Medication is not recommended for children under six years old since it is known to cause more side effects in younger kids; research is still being conducted on potential long-term effects of starting ADHD medications at this age. Children with certain co-occurring diagnoses such as Down syndrome may not be good candidates for medication.

Dr. Amin adds that this choice will depend on the age of the child, other co-occurring conditions and factors, and parental preference. Non-stimulant medication is typically prescribed to younger children or children who may have a sleep disorder or autism, while stimulant medications are typically prescribed to older school-aged children, usually when ADHD is diagnosed. She highlights lifestyle as a factor as well — for example, if medication is only needed on certain days, times, or during certain activities, a stimulant medication may be easier to start or stop as they are fast-acting (within two hours) and short acting (effectiveness stops working once an individual stops taking them).

“All of these decisions around treatment for a child who is diagnosed with ADHD are very individual, and families have to really think about what approach they’d like to use,” Dr. Haranin says. “Medication is not always warranted [but] it can be a really helpful and important part of a treatment plan for many children with ADHD.”

Behavior therapy

Behavior therapy is a foundational approach to ADHD, and can be equally important, Dr. Amin says — whether it’s with a psychologist, licensed therapist, or licensed social worker to work on reducing disruptive behaviors, work on organizational skills, and improve a child’s relationship with peers. “There was a landmark multimodal treatment association study, and they looked at outcomes with medications alone, medication plus behavioral approach, and the behavioral therapy alone. The best outcomes were with medication and behavioral approach together.”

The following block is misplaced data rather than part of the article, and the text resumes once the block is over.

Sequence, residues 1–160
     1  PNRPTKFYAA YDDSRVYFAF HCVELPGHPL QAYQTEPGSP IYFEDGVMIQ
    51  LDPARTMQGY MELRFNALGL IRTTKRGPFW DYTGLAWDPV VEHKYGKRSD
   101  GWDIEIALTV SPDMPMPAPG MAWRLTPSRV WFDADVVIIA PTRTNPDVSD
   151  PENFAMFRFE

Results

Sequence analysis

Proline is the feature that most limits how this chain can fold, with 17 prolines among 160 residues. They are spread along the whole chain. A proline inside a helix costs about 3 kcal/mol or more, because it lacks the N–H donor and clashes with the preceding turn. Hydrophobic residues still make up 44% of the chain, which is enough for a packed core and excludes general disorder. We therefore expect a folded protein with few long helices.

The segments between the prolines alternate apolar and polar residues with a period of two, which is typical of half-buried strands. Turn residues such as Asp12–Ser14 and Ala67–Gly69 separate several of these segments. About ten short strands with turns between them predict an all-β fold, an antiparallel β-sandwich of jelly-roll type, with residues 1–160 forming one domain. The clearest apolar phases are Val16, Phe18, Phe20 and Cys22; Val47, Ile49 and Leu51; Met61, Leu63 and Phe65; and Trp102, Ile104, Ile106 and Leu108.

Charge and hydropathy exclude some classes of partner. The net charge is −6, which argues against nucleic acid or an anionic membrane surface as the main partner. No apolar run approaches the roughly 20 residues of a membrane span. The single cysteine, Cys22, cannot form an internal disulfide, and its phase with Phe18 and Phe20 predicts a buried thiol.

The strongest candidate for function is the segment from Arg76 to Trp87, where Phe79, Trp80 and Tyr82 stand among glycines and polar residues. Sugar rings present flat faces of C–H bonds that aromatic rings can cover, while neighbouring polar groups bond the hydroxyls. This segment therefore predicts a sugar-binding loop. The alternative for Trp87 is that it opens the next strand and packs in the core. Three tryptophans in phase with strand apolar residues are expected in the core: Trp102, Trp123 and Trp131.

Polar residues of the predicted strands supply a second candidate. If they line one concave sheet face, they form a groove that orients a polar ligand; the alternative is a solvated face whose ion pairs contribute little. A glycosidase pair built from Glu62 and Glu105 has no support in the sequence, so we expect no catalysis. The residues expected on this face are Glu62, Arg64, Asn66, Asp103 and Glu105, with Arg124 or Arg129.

She adds that effective treatment, whether medication or behavioral techniques, can change the quality of life for the child and for the parent as well as prevent long-term damage to self-esteem. “If the child keeps hearing negative feedback or criticism from school or at home, that can significantly hamper their learning,” she says.

Dr. Haranin explains why behavioral parent training can be important for younger children, and why teaching organizational skills through behavior therapy is paramount for older children and teens:

IEP and 504 accommodations for ADHD

Of the 13 eligibility categories that qualify a child for an IEP, ADHD falls into the classification of “Other Health Impairment (OHI).” But because IDEA is very specific with what qualifies as a disability, sometimes children are denied services unless the ADHD is shown to be severe enough to cause major impairment and adversely impact educational performance. However, children who are unable to qualify for an IEP may still be able to receive services and supports under a 504 plan.

The following are some common accommodations that may be included in a child’s IEP or 504 Plan to help them succeed in school:

  • Adjust formats for reading and writing assignments to help with visual scanning and/or remaining seated. (This includes using technology such as audiobooks to help a child complete tasks.)
  • Combine tasks with a physical action, such as using manipulatives.
  • Provide a visual schedule.